1. I am following cash system of accounting. I collect GST amount in bill and keep separate account of GST collection as and when I receive, but pay as per bill after deducting ITC as and when paid by me. The issue is whether section 43B applies to tax collection and kept separately? If yes, then is it to apply as per bill or receipt? The claim of ITC in return but not paid during the year – should it be offered as income?
Ans. Section 43B would apply to GST payments. As per section 145A(ii), for determining income chargeable under the head “Profits and gains of Business or Profession”, the valuation of sale of goods or services shall be adjusted to include the amount of any tax, duty, cess or fee actually paid or incurred by the assessee to bring the goods or services to the place of its location and condition as on the date of valuation. The sales would therefore have to be grossed up to include GST collected on the sales. GST would be allowable as an expense as and when paid. GST payable would be net of ITC, and hence such net amount of GST would be deductible, effectively making the ITC actually claimed in the GST return taxable.
2. I have a long term capital loss of ₹ 2.25 lakh (computed without indexation or substitution of FMV as of 1-2-2018) on sale of listed equity shares on the stock exchange, and also have a long term capital gain of ₹ 18 lakh (computed with indexation of cost). Can I set off the loss on sale of shares against the gain on sale of property?
Ans. Any long term capital loss computed under sections 48 to 55 can be set off against any other long term capital gain arrived at under a similar computation under the provisions of section 70(3). However, the question that arises is whether the computation of long term capital loss, being without indexation, is a similar computation as the long term capital gain on sale of property, which is with indexation of cost.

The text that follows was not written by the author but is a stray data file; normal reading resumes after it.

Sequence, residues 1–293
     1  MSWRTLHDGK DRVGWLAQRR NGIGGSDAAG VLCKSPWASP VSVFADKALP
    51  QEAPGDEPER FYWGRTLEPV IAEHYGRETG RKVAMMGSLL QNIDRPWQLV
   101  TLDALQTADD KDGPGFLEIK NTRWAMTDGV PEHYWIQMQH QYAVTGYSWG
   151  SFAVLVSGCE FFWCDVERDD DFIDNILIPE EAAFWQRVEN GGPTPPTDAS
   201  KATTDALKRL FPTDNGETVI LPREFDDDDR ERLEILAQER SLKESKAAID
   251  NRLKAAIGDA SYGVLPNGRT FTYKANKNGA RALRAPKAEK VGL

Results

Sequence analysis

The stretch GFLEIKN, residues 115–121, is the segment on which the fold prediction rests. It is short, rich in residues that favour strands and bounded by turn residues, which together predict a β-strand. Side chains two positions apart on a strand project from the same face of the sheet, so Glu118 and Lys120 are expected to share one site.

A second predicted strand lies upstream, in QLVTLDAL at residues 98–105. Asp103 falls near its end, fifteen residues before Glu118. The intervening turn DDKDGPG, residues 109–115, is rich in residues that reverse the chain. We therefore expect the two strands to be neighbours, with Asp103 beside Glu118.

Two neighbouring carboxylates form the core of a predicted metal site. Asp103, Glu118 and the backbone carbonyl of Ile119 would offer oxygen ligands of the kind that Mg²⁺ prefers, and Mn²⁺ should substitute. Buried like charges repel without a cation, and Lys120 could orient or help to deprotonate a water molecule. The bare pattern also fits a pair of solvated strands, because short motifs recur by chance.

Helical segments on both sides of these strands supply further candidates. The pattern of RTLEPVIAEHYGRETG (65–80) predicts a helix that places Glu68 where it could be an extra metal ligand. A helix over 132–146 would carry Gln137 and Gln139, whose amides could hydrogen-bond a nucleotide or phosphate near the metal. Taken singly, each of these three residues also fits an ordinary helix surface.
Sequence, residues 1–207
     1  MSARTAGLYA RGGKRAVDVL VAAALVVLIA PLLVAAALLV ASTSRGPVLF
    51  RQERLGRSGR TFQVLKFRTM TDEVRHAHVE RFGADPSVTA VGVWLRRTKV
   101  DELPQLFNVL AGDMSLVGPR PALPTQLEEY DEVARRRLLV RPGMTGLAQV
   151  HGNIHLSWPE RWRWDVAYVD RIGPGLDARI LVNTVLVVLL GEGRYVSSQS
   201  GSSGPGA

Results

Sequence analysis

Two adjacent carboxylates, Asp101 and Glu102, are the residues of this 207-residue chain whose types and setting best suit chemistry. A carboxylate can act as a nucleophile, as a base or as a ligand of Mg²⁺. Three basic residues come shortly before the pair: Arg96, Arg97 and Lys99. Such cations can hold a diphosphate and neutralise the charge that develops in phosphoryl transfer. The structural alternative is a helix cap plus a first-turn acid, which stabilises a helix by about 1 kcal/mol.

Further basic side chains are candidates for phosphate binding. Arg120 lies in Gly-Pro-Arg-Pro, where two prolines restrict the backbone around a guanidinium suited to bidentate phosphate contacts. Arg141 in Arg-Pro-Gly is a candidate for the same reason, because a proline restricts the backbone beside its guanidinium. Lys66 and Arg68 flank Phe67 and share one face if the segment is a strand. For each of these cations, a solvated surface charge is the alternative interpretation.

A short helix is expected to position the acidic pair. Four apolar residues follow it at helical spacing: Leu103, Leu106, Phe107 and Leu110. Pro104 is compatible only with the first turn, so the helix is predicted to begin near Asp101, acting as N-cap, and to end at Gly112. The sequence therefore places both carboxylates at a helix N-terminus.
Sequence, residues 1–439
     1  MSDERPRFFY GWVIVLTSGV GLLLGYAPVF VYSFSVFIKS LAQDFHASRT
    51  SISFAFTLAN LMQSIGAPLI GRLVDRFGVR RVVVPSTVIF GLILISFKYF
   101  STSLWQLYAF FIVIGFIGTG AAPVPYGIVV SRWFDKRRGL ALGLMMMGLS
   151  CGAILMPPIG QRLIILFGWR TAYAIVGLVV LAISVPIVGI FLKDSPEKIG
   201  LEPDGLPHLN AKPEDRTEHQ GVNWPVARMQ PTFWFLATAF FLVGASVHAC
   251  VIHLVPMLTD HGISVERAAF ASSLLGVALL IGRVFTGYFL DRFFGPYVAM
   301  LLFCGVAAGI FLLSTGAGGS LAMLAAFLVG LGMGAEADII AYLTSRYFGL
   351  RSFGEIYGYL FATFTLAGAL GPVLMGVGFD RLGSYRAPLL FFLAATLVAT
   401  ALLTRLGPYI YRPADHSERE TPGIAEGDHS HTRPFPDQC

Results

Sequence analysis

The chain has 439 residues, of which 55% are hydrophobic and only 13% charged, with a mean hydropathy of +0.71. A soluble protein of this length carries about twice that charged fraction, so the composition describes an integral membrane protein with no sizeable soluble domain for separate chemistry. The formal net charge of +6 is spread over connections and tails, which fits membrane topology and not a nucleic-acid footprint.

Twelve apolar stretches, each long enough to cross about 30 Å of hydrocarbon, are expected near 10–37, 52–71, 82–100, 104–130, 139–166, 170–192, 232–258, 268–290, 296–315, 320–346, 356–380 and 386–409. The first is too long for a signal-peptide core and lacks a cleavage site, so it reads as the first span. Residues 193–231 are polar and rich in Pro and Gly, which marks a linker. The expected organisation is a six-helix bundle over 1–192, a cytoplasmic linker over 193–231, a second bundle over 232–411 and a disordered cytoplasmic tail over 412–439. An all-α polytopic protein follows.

The CBDT has clarified, vide its answer to Q No 24 of the FAQs issued by it under F. No. 370149/20/2018-TPL dated 4th February 2018, that long-term capital loss arising from transfer of shares, on which STT has been paid, made on or after 1st April, 2018 will be allowed to be set-off and carried forward in accordance with existing provisions of the Act, and therefore, can be set-off against any other long-term capital gains. Therefore, the long term loss on sale of shares can be set off against long term capital gains on sale of property.
3. I have paid a construction contractor ₹ 45 lakh towards contract for construction of my house during the period from 1st April 2019 to 31st August 2019. I am paying further amounts of ₹ 30 lakh from September 2019 to March 2020. Am I required to deduct TDS under section 194M, and on what amount?
Ans. The provisions of section 194M came into effect from 1st September 2019, and therefore tax is required to be deducted at source from payments made after that date. The proviso to section 194M states that no deduction is required to be made under this section if the aggregate of such sums credited or paid during a financial year does not exceed ₹ 50 lakh. Therefore, the total of all payments/credits during a year is required to be seen to understand whether deduction is required.
In the facts as given, tax will be required to be deducted on ₹ 30 lakh, being the payments made after the section came into force, since the payments for the year exceed ₹ 50 lakh. No tax is required to be deducted on ₹ 45 lakh, since those payments were made prior to the section coming into force.
4. Some companies provide incentives to their dealers in the form of
a. gift of vehicle/tv etc.
b. gift cheque
c. foreign travel vouchers.
What will be the position of taxability of such incentives in the hands of recipient as well as allowability to the company? Will it make any difference if it is given in the form of a prize?
Some companies arrange business meetings/conference of dealers in foreign countries, where the dealers are given travel coupons of various travel companies for family. What are the implications?
Ans. The above gifts of vehicle, TV, foreign travel voucher or travel coupons for family members of the dealer would be regarded as benefits or perquisites arising from business carried on by the dealers, and would be taxable under section 28(iv). Section 28(iv) however only applies to benefits or perquisites received in kind, and does not apply to receipts of money, as held by the Supreme Court in the case of CIT vs. Mahindra & Mahindra Ltd 404 ITR 1. The gift cheque, being a receipt of money, would not be taxable under section 28(iv), but would nevertheless be a taxable business receipt. It would not make any difference if the above items are given as prizes.